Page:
For many communities, access to drinking water is threatened on a daily basis by factors such as water diversion, land expropriation, unlawful pollution and/or the harmful effects of extractive industries. Meanwhile, in many parts of the world, women and children are forced to walk long distances for water collection and waste disposal and are often exposed to harassment, attacks, violence and rape along the way. And in some countries, the lack of sanitation compels parents to withdraw their children, especially girls, from schools.
“In this sense,” UN-Water Chair, Michel Jarraud, commented, “the linkages between human rights and access to water and sanitation are deeply interwoven. And because water, as a fundamental resource, cuts across all aspects of sustainable development, recognizing this connection is not only critical to achieving SDG 6 [the Goal on water and sanitation] but the broader 2030 Agenda.”
There are more practical considerations in taking a human rights approach to development as well. According to Zeid Ra’ad Al Hussein, United Nations High Commissioner for Human Rights, so long as water and sanitation are not acknowledged as human rights, “there will be no accountability for the deprivation and denial suffered by millions, and no meaningful progress in international efforts to expand safe access.” Legal empowerment through human rights allows victims and vulnerable populations to claim their rights, to fight against discrimination, and to demand transparency, accountability, and participation in issues vital to themselves, their families and their communities. In this regard, as Léo Heller, Special Rapporteur on the human right to safe drinking water and sanitation, summarized, “a human rights approach is a powerful tool for eliminating inequalities in access and achieving universal access to safe water and sanitation in the new development agenda.”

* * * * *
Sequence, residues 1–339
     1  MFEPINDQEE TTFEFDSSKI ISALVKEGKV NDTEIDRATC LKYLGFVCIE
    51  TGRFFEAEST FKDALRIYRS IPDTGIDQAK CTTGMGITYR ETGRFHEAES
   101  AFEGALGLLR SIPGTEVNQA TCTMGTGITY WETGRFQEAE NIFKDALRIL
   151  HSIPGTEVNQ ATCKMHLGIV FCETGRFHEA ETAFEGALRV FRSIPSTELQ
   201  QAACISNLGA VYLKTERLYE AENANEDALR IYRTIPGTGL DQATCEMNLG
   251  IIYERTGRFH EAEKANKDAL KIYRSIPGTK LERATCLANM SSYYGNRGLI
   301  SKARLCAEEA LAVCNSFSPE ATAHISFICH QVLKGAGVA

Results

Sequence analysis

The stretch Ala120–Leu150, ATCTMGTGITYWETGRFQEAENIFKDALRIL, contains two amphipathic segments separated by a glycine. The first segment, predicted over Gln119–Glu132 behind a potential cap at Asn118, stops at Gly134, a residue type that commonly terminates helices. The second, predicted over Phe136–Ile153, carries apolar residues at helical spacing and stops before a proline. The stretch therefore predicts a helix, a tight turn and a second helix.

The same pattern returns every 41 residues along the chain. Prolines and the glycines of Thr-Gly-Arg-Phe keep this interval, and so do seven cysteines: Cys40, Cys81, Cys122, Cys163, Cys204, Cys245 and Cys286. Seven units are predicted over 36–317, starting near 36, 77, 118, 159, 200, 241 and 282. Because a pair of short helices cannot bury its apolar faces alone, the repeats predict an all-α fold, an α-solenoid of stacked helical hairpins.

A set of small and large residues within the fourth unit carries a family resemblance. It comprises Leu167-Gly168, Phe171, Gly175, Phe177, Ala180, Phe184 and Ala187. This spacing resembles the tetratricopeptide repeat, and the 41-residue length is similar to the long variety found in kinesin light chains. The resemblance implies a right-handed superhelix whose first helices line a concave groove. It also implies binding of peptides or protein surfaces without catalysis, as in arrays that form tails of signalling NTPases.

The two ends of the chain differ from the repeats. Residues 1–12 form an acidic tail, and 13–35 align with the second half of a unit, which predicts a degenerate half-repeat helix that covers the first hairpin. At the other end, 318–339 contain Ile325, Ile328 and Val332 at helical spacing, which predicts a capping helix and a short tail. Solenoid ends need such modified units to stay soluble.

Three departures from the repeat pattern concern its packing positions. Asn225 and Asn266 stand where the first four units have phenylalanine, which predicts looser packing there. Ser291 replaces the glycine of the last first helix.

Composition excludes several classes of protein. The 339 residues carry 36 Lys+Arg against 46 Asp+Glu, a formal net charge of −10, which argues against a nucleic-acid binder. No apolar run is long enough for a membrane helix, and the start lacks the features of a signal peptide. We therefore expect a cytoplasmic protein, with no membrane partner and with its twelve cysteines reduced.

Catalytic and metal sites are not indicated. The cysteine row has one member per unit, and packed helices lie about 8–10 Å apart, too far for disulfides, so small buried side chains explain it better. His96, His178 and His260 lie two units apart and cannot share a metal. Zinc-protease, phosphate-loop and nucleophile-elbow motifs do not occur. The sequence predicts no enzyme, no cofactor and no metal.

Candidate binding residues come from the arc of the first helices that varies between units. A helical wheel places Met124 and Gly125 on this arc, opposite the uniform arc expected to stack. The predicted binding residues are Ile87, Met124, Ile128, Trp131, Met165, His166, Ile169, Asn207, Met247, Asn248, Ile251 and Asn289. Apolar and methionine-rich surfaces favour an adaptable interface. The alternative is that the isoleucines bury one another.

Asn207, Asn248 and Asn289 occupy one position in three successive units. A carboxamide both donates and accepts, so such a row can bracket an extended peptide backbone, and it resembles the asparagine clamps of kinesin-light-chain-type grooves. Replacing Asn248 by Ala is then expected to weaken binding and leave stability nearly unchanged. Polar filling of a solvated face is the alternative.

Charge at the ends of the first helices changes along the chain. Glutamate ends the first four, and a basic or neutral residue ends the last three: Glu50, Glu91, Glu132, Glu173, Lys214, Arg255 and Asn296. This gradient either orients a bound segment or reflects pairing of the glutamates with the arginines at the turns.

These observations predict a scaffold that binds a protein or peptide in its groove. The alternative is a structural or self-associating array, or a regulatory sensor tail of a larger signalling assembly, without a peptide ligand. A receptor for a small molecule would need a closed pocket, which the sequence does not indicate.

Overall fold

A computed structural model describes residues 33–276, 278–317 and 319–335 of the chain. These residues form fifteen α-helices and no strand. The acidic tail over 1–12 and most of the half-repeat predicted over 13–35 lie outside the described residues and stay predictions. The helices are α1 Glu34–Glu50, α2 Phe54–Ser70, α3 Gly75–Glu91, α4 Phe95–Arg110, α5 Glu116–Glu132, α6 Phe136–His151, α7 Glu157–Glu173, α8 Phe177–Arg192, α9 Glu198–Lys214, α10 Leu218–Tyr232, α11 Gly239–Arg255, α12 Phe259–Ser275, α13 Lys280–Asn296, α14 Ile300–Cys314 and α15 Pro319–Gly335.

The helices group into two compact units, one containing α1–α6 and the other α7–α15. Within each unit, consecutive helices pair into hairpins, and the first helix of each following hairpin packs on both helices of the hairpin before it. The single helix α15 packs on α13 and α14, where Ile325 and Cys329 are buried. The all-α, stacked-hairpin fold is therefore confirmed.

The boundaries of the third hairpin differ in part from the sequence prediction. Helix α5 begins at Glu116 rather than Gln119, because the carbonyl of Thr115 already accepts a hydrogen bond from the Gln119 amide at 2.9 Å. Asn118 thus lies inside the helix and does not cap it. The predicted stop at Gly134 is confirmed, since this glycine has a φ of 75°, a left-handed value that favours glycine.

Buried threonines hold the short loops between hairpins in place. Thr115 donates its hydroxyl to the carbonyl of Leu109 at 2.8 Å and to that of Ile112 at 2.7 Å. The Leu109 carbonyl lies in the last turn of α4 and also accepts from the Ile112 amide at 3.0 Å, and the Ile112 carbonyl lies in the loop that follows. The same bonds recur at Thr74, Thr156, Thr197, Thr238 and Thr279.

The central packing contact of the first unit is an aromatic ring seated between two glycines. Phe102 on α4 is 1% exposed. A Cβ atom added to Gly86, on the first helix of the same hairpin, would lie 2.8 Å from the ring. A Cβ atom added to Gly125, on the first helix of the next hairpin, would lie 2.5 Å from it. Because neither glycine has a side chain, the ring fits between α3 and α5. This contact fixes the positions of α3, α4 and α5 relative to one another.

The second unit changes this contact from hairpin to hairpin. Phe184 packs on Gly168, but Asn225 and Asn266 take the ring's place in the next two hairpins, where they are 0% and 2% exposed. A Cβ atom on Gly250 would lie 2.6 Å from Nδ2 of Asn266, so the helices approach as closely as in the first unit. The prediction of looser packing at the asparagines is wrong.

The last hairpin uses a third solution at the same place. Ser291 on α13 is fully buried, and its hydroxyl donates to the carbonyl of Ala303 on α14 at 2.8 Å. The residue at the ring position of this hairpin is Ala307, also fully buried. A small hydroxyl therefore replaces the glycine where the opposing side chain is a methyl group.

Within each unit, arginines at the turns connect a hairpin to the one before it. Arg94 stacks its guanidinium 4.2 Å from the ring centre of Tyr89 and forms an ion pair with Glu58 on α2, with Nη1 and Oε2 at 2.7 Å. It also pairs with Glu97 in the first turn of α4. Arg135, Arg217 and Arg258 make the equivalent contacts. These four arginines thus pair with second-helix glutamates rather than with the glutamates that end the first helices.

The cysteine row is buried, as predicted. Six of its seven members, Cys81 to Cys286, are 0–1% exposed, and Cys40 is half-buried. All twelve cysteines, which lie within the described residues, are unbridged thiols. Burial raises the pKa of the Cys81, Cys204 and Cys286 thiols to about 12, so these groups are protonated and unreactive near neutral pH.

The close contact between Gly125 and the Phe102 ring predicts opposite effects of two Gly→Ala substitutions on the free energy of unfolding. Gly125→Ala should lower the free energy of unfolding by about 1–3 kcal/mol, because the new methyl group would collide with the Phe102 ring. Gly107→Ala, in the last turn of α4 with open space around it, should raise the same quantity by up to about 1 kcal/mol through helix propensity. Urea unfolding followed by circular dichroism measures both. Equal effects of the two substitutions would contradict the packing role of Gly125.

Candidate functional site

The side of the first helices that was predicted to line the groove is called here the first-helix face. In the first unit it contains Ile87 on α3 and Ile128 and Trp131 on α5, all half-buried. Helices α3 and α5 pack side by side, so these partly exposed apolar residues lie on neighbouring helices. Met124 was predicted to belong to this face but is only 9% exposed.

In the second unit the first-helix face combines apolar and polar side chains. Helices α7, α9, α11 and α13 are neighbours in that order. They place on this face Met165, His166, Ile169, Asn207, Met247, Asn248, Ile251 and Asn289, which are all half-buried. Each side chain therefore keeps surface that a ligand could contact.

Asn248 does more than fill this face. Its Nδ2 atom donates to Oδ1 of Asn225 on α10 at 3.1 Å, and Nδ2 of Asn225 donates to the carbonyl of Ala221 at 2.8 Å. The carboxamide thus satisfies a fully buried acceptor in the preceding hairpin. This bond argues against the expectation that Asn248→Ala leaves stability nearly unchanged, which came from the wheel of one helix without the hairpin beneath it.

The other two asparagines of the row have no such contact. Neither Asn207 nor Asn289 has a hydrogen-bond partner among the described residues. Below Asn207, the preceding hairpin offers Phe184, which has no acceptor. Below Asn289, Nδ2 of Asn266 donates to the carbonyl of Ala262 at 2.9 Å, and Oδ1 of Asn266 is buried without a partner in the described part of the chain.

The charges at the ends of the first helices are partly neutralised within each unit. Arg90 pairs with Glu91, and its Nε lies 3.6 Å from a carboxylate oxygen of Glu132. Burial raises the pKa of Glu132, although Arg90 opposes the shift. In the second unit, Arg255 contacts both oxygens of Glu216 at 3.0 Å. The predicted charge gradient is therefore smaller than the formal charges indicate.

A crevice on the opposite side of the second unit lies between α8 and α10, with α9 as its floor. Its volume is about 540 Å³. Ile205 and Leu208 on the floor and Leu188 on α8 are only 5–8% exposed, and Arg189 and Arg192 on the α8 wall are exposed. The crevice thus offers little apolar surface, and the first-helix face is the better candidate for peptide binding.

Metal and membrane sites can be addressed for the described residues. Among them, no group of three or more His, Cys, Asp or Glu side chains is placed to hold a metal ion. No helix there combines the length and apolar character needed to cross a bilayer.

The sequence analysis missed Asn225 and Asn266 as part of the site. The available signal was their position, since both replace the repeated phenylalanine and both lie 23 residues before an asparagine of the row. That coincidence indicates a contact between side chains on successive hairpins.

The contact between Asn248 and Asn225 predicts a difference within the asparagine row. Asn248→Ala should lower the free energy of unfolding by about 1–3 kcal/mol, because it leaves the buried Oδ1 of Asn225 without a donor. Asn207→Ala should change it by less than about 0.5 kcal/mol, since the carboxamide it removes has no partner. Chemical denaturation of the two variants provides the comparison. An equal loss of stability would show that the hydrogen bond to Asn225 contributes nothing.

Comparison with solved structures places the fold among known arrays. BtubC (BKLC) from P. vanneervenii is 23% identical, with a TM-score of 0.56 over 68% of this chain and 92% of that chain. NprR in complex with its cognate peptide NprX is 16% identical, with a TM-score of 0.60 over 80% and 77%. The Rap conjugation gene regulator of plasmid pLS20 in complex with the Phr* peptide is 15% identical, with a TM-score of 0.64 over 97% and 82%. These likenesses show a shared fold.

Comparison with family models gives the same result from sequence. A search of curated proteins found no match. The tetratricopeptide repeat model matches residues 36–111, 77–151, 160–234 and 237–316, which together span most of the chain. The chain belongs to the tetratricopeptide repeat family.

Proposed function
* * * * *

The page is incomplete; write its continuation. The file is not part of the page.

Intended as a resource to help countries address the needs of groups and individuals particularly disadvantaged in access to water and sanitation services, the policy brief was coordinated by the United Nations Office of the High Commissioner for Human Rights (OHCHR) and features contributions from across UN-Water’s nearly 70 Member and Partner organizations. It underscores the obligations of states and the role of other non-state actors and reflects on monitoring progress as well as the efficiency of programs and policies. It also highlights best practices in participatory decision-making process and the importance of conflict resolution and access to remedy.
“It is time”, said the High Commissioner, “to translate commitments into action.”
The publication will be formally launched at a side event today hosted by the Permanent Missions of Finland and Viet Nam to the United Nations on the occasion of the 70th session of the General Assembly in New York City. It will feature a dialogue with key stakeholders from government and non-profit sectors, together with the Special Rapporteur on the human right to safe drinking water and sanitation, Léo Heller.